North American Cities: Our Racialized, Polluting, and Very Useful Roads

By: Sam Watt

Edited by: Yang Ran Cheng

Roads. We all love ‘em. They take us to, from, and through the places we want and need to travel. Something they also do though: create austere racial lines through cities that mid-century planners used to increase segregation and class divides throughout urban centres in North America.

If you live in an urban North American area, you are familiar with the makeup of our cities. Often, when heading towards a city, you drive on a highway through a suburban area with trimmed hedges, manicured lawns, and single-family homes before you enter city limits. As you do so, the residential areas become denser, noise pollution and air quality worsen, and community spaces become increasingly limited. This is largely the product of 80-year-old urban planning, which has had significant and widespread impacts on minority communities. This phenomenon was critically termed “white roads through black bedrooms”, and saw many discriminatory officials trying to formalize Jim Crow-era segregation under the guise of ‘economic and transportation development.’ The construction of the Interstate Highway system took a particularly cruel toll on minority communities. In Miami, highway construction razed 40 square blocks of city space, demolishing 10,000 homes and a prominently black business community, and in West Oakland–an area long characterized by pollution and crime–a ring of concrete was poured around the neighbourhood’s perimeter to lay the foundation for what is now known as the I-580, I-880, and I-980

In addition to the physical partition of land, the costs and benefits of these roads became gravely uneven. The list of costs borne by communities that highways were built through is long, including but not limited to: neighborhood segregation; increased air and noise pollution; property devaluation; and car dependency thrust upon those who are unable to afford cars. Meanwhile, suburban areas saw economic benefits and increased bilateral access to city centres. The result of this inequitable relationship is one where families unable to afford a car are statistically more likely to live near large roadways, without ever benefitting from them.

One negative impact that has recently been subject to particular scrutiny is the lasting health effects of living near a highway. Despite the proven positive association between residential proximity to highways and chronic disease risk (diseases which notably impact early childhood development, a clinical indicator for health outcomes later in life) nearly one-third of all elementary and pre-kindergarten students attend schools within 150 meters of major motorways. In the United States, this risk is compounded by the lack of a universal healthcare system. Indeed, geographical location here becomes a social determinant of health such that individuals most likely to encounter health issues due to air pollution are also the individuals most likely to be unable to afford care.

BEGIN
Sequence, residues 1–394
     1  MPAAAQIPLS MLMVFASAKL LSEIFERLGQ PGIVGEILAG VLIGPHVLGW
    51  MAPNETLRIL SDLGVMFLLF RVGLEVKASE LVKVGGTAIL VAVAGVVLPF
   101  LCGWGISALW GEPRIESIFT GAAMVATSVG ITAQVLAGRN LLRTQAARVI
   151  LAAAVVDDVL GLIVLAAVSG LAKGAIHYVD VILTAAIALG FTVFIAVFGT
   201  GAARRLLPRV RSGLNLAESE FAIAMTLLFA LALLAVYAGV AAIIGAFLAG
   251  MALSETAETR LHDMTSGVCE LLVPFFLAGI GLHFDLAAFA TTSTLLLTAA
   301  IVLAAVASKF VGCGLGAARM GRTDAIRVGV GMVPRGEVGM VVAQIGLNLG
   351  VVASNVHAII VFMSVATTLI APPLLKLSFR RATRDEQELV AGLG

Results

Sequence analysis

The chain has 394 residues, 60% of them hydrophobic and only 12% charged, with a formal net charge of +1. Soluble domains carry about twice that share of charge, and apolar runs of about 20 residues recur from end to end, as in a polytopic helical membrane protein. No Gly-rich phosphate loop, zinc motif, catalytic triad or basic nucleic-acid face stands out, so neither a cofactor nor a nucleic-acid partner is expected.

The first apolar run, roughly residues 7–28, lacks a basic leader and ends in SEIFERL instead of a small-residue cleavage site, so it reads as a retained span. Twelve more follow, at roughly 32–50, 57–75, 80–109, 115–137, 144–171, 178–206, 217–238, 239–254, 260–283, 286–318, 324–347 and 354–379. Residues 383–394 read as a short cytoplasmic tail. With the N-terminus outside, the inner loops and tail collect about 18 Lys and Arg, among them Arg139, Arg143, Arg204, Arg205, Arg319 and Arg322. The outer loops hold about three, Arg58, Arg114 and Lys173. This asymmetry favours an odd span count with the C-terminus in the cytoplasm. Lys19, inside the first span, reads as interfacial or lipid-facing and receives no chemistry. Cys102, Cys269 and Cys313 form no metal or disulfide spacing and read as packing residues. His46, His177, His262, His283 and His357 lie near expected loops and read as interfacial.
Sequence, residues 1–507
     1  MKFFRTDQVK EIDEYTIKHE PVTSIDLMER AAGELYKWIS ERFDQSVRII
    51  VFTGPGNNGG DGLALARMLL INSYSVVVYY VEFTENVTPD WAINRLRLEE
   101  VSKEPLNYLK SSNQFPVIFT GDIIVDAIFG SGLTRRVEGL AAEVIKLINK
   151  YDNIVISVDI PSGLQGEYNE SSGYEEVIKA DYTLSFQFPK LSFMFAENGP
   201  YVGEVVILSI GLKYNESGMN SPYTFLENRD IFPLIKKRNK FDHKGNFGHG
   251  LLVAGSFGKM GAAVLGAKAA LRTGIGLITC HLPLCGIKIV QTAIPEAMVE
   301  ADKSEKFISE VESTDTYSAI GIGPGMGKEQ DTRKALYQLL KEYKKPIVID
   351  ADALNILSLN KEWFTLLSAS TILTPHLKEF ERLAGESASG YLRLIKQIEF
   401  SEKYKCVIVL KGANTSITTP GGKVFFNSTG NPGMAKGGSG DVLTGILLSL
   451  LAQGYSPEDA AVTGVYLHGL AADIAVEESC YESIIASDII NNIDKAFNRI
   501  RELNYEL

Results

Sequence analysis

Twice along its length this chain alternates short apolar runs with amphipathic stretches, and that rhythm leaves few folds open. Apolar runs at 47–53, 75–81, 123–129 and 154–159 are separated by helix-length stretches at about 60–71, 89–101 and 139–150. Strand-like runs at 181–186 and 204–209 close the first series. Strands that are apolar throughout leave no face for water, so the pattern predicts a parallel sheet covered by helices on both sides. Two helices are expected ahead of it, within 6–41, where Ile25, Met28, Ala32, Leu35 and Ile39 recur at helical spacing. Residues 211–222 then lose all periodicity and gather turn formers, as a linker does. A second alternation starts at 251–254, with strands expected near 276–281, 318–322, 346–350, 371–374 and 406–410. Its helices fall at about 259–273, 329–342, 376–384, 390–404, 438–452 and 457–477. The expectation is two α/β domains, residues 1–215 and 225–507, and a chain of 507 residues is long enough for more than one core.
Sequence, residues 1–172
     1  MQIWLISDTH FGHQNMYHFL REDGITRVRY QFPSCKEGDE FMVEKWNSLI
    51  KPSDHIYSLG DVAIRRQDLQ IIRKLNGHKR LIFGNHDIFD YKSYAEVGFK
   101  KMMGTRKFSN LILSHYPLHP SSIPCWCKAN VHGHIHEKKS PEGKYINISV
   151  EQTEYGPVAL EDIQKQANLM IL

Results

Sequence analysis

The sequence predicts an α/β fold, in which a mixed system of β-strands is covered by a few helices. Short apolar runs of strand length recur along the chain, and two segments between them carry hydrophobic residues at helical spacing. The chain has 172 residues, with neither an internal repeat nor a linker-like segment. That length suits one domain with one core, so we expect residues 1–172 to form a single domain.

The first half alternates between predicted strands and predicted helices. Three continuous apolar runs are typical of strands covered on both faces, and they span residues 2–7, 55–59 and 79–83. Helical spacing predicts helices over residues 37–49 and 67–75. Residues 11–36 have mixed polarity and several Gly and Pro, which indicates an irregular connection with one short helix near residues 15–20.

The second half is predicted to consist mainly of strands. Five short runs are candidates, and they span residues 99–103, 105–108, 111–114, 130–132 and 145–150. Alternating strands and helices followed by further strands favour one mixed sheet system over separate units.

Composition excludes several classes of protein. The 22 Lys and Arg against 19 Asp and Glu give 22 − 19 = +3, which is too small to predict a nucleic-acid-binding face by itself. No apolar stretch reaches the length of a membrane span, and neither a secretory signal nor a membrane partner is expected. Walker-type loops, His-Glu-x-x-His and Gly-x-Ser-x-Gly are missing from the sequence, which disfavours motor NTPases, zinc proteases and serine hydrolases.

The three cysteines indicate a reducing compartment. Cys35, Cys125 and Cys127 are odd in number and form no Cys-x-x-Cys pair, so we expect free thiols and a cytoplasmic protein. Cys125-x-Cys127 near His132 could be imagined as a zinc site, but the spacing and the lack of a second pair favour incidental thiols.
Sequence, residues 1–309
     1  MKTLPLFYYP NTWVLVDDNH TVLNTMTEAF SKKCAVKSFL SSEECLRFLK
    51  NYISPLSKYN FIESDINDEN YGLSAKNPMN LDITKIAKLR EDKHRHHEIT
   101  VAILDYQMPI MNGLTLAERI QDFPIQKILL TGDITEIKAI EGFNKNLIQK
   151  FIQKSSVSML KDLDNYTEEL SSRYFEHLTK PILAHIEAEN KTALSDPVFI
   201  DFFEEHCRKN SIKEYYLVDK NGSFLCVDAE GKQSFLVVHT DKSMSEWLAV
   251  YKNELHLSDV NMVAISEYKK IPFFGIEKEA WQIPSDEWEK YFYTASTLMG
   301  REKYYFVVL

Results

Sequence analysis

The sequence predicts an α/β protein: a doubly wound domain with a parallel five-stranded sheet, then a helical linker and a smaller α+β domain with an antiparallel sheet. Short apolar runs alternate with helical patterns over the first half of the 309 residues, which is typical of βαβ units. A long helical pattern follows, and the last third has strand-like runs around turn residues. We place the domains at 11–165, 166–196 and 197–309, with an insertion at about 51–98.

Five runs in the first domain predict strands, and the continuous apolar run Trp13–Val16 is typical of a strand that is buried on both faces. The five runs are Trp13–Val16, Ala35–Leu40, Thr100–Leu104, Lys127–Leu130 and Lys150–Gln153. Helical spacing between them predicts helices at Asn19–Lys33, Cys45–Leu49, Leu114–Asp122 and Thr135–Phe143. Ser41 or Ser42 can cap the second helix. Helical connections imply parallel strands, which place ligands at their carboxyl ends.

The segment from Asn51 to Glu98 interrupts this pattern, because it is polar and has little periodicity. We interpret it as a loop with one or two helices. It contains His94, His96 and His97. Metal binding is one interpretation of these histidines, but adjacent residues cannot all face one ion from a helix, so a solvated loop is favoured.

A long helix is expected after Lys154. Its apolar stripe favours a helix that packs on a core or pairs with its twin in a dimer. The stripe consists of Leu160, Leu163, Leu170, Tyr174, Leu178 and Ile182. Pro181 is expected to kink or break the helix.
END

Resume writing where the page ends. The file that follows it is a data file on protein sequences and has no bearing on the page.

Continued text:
Next month, this series will look at the positive changes coming to our cities. Humanitarian and environmental efforts being made to improve living standards in cities are significant, and with populist sentiment shifting in the direction of sustainable ideologies, we can expect to see change soon. For now, though, it is important to recognize the limitations of the system within which we currently operate. Those displaced by road construction have a difficult time finding safe and sanitary housing, 42% of sidewalks do not meet accessibility requirements, and in nearly every city, if you see a major highway you do not have to look far to find a bisected, polluted community of colour.

It is crucial to recognize that while many discriminatory individuals made this happen, these negative impacts are as much a result of negligence as they are bigotry. Racial lines, lack of support, and lack of care have segregationist bases, but the negative impacts endured by communities near highways are sometimes just chance; chance and governmental failings.

References

Louie, K. (2008). Evacuated Highway 401 Colour [Image Evacuated Highway 401 Colour]. In JPG. https://commons.wikimedia.org/wiki/File:Evacuated_Highway_401_Color.jpg

Miller, J. (2018, February 21). Roads to nowhere: how infrastructure built on American inequality. The Guardian; The Guardian. https://www.theguardian.com/cities/2018/feb/21/roads-nowhere-infrastructure-american-inequality 

Karas, D. (2015). Highway to Inequity: The Disparate Impact of the Interstate Highway System on Poor and Minority Communities in American Cities. New Visions for Public Affairs, 7. https://www.ce.washington.edu/files/pdfs/about/Highway-to-inequity.pdf 

LePan, N. (2020, April 4). Visualizing the Footprint of Highways in American Cities. Visual Capitalist. https://www.visualcapitalist.com/visualizing-the-footprint-of-highways-in-american-cities/ 

Freid, R. D., Qi, Y. (Shelly), Espinola, J. A., Cash, R. E., Aryan, Z., Sullivan, A. F., & Camargo, C. A. (2021). Proximity to Major Roads and Risks of Childhood Recurrent Wheeze and Asthma in a Severe Bronchiolitis Cohort. International Journal of Environmental Research and Public Health, 18(8), 4197. https://doi.org/10.3390/ijerph18084197 

‌Samuels, G., & Freemark, Y. (2022). The Polluted Life Near the Highway A Review of National Scholarship and a Louisville Case Study. https://www.urban.org/sites/default/files/2022-11/The%20Polluted%20Life%20Near%20the%20Highway.pdf 

How Highways Wrecked America’s Cities – Streetsblog San Francisco. (2021, September 9). Streetsblog.org. https://sf.streetsblog.org/2021/09/09/how-highways-wrecked-american-cities